The German Minister of Economics, Robert Habeck, recently used a term that made people sit up and take notice: “At Tesla speed.”
This was not referring to a Tesla Model S Plaid that can accelerate from 0 to 100 km/h in around 2 seconds and reach a top speed of over 300 km/h. It was a reference to the opening of the first European Tesla factory in Brandenburg – the one with the sensible name “Giga Berlin.”
Built “relatively” fast
Elon Musk is a driven man, or as we say in Germany, “he’s got bees in his butt.” This refers to dynamic people who take on many tasks at the same time and move things forward. Laziness is not even in the vocabulary of these can-do types.
It took two and a half years from planning to the first “German Delivery Day” on March 22, 2022, when the first 30 Tesla Model Y cars were ceremoniously handed over by the great master himself. All kinds of celebrities were present and despite the Ukraine crisis and what was undoubtedly a full schedule, not even Chancellor Scholz missed the opportunity to personally address the audience on opening day.
For once, the Germans were really proud
You could really tell that the German officials were at peace and incredibly proud that it had been possible to complete this industrial factory in “only” two and a half years. Of course, this went completely against the grain of some bureaucrats and the Musk Company built at its own risk. The Damocles sword of demolition and the threat of “renaturalization” loomed over the site right up until final approval was granted a few weeks ago.
Environmentalists and residents vehemently fought the Tesla site. They were worried about the “forest,” which was nothing more than a common commercial forest, they demanded the relocation of all kinds of animals such as ants and lizards, and “activists” chained themselves to scrawny commercial trees to prevent them from being felled. All to no avail. The official authorities did not want to endanger Musk’s factory and turned a blind eye here and there.
NIMBYs (not in my backyard) were booming. The “residents” of the sparsely industrialized region tried their best to prevent the factory from being built. Yes, they were even worried about future traffic conditions. The creation of thousands of new jobs, some of them highly qualified, and the economic boost to the region were not accepted as valid arguments.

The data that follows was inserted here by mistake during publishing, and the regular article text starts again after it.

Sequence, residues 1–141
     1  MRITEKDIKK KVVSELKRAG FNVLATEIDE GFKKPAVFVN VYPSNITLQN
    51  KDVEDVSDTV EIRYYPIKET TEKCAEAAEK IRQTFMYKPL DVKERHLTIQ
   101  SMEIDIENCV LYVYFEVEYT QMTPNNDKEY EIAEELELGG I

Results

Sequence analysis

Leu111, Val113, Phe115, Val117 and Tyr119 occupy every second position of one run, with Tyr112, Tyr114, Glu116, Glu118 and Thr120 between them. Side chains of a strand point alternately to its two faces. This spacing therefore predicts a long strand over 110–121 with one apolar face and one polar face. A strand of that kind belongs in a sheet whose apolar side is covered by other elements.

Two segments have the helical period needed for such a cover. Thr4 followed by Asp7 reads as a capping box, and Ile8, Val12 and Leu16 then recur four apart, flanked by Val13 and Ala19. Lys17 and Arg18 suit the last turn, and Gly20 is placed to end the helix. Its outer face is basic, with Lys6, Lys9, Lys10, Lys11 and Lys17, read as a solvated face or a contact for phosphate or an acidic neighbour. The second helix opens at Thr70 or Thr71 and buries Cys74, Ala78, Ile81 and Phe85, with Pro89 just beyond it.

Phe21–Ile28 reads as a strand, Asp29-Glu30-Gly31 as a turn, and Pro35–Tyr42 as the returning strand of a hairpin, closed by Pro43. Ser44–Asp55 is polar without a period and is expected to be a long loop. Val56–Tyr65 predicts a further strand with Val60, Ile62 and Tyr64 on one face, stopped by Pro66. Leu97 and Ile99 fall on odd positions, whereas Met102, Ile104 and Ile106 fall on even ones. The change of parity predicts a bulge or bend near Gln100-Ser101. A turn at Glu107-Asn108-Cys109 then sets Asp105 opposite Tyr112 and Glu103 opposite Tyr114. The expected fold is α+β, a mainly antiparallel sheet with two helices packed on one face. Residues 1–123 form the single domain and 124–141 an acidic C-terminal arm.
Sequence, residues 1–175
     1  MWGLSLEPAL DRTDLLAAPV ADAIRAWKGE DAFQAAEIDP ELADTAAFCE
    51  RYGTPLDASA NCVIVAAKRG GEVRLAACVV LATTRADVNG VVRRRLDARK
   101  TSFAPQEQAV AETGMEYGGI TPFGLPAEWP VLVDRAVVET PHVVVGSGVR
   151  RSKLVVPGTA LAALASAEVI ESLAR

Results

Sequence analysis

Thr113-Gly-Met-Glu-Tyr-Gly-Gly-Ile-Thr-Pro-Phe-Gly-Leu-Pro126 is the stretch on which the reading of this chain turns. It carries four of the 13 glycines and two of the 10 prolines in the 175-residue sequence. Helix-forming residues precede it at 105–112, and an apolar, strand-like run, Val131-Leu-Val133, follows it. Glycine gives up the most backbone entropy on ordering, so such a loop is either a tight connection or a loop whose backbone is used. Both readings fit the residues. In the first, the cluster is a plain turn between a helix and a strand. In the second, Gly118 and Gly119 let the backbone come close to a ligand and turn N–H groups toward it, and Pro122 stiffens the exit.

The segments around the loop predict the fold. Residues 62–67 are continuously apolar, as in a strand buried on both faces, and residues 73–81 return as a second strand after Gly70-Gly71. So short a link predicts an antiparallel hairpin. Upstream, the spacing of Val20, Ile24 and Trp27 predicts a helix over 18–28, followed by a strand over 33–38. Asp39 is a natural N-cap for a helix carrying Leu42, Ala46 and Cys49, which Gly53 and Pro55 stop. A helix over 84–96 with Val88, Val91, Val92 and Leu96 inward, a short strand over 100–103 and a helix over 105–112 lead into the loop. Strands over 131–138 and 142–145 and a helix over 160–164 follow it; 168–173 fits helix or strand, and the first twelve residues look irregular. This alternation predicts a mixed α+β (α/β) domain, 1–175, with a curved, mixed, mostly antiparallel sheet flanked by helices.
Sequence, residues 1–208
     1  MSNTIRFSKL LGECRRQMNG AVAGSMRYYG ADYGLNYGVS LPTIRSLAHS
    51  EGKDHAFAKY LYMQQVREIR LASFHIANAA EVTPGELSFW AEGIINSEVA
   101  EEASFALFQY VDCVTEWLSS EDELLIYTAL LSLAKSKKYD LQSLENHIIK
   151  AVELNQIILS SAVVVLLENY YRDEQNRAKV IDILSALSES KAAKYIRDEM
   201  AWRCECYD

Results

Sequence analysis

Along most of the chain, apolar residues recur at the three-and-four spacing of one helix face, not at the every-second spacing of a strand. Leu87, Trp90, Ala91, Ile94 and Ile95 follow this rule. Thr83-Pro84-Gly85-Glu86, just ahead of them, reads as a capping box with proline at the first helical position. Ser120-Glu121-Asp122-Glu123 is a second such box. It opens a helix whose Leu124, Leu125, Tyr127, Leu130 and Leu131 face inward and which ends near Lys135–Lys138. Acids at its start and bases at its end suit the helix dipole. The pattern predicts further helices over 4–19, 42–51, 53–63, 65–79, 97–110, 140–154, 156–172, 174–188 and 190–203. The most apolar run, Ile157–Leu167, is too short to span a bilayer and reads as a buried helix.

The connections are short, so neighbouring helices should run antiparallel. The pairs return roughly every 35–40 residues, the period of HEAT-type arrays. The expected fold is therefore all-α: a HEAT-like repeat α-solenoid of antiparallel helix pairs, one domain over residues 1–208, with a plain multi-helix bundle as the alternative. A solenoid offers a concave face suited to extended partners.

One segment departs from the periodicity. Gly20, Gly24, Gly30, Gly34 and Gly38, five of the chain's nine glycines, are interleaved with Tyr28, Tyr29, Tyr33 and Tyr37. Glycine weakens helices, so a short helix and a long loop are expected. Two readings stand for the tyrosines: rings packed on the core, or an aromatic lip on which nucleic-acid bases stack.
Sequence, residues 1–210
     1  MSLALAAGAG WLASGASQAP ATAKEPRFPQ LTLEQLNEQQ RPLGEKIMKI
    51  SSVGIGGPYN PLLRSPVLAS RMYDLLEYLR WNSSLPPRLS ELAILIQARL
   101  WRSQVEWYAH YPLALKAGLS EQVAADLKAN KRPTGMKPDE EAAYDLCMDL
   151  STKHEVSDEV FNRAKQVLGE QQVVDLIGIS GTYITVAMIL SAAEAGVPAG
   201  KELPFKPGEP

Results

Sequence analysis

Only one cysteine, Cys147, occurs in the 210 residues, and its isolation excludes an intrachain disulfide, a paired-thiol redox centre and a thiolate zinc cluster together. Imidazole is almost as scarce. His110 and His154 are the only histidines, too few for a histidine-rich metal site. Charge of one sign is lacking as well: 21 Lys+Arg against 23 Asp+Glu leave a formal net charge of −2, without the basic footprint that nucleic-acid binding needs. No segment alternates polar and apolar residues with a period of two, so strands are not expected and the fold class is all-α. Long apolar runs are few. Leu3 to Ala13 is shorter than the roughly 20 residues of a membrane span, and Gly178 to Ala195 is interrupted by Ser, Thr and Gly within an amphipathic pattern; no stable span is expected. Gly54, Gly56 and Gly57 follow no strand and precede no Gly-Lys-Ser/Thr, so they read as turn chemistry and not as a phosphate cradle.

Ultimately, they said, the Americans would give preference to Polish guest workers because they were cheaper. And then there was the water shortage. Until the very end, environmental activists fought with their most potent ammunition: the water supply, said to be endangered by the factory.
And then there was the German government’s subsidy policy, which would supply billions in easy money to the American company. If it had been a German OEM being built here, it is likely that nobody would have objected.
In addition, electromobility is of course not yet welcomed everywhere. Many still consider it a temporary “hype” imposed by “green activists.” The future, many Germans are convinced, lies in hydrogen, e-fuels or other drive concepts still to be invented.
Sometimes you would almost expect the opponents to show up with pitchforks to prevent the factory at the last minute, just like in the Middle Ages or Hollywood horror movies.
It was all for nothing
In contrast to the average Joe German, Musk does not fear the future, which came with “Tesla speed.”
It’s actually the bureaucrats, obstructionists and perpetual worriers who should be afraid of this precedent. They are expected to make similarly “fast” decisions in the future. This is probably also the reason why Robert Habeck is so enthusiastic about this new speed. After all, the ecological energy turnaround that Germany wants to implement in the future will require a (much) higher speed than before.
But whether “Tesla speed” will suffice here is open to doubt. For Musk, it was apparently fast enough. His most important tweet in German was, “Danke, Deutschland!”
About this column:
In a weekly column written alternately by Eveline van Zeeland, Eugène Franken, PG Kroeger, Katleen Gabriels, Carina Weijma, Bernd Maier-Leppla, Willemijn Brouwer and Colinda de Beer, Innovation Origins tries to figure out what the future will look like. These columnists, sometimes joined by guest bloggers, all work in their own way to find solutions to the problems of our time. Here are some of the previous installments.
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